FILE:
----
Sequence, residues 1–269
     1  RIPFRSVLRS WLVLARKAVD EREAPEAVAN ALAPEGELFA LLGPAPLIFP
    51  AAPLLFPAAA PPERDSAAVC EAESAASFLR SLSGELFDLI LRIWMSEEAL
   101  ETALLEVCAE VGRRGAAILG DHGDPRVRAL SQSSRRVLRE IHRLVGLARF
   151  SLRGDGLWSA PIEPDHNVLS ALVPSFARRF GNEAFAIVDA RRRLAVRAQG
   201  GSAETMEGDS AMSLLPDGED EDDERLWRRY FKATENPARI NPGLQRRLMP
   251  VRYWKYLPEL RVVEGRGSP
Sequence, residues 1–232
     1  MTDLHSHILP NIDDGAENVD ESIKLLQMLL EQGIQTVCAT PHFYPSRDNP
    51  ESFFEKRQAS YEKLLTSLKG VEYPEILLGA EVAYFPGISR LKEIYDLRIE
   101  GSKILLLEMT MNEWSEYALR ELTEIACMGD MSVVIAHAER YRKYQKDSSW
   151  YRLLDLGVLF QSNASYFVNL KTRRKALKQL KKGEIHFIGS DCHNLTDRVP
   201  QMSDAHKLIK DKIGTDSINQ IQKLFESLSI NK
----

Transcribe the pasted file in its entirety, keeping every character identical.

Sequence, residues 1–269
     1  RIPFRSVLRS WLVLARKAVD EREAPEAVAN ALAPEGELFA LLGPAPLIFP
    51  AAPLLFPAAA PPERDSAAVC EAESAASFLR SLSGELFDLI LRIWMSEEAL
   101  ETALLEVCAE VGRRGAAILG DHGDPRVRAL SQSSRRVLRE IHRLVGLARF
   151  SLRGDGLWSA PIEPDHNVLS ALVPSFARRF GNEAFAIVDA RRRLAVRAQG
   201  GSAETMEGDS AMSLLPDGED EDDERLWRRY FKATENPARI NPGLQRRLMP
   251  VRYWKYLPEL RVVEGRGSP
Sequence, residues 1–232
     1  MTDLHSHILP NIDDGAENVD ESIKLLQMLL EQGIQTVCAT PHFYPSRDNP
    51  ESFFEKRQAS YEKLLTSLKG VEYPEILLGA EVAYFPGISR LKEIYDLRIE
   101  GSKILLLEMT MNEWSEYALR ELTEIACMGD MSVVIAHAER YRKYQKDSSW
   151  YRLLDLGVLF QSNASYFVNL KTRRKALKQL KKGEIHFIGS DCHNLTDRVP
   201  QMSDAHKLIK DKIGTDSINQ IQKLFESLSI NK